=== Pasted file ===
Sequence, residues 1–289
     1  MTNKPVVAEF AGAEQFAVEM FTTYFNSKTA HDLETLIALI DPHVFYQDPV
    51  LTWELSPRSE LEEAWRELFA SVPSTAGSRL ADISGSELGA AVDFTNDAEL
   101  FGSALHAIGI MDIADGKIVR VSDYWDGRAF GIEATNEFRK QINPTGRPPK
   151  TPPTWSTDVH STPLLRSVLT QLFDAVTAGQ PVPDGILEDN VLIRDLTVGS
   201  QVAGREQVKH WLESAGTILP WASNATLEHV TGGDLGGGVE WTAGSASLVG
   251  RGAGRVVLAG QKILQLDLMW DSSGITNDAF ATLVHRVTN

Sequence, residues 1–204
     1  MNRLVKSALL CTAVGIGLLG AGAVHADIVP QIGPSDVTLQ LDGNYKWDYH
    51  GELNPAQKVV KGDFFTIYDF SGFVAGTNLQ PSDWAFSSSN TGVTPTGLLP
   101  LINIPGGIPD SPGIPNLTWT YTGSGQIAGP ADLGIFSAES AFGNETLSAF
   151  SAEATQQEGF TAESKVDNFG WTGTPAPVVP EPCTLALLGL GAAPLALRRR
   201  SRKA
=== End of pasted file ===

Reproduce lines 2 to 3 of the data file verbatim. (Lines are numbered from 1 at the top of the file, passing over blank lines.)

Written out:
     1  MTNKPVVAEF AGAEQFAVEM FTTYFNSKTA HDLETLIALI DPHVFYQDPV
    51  LTWELSPRSE LEEAWRELFA SVPSTAGSRL ADISGSELGA AVDFTNDAEL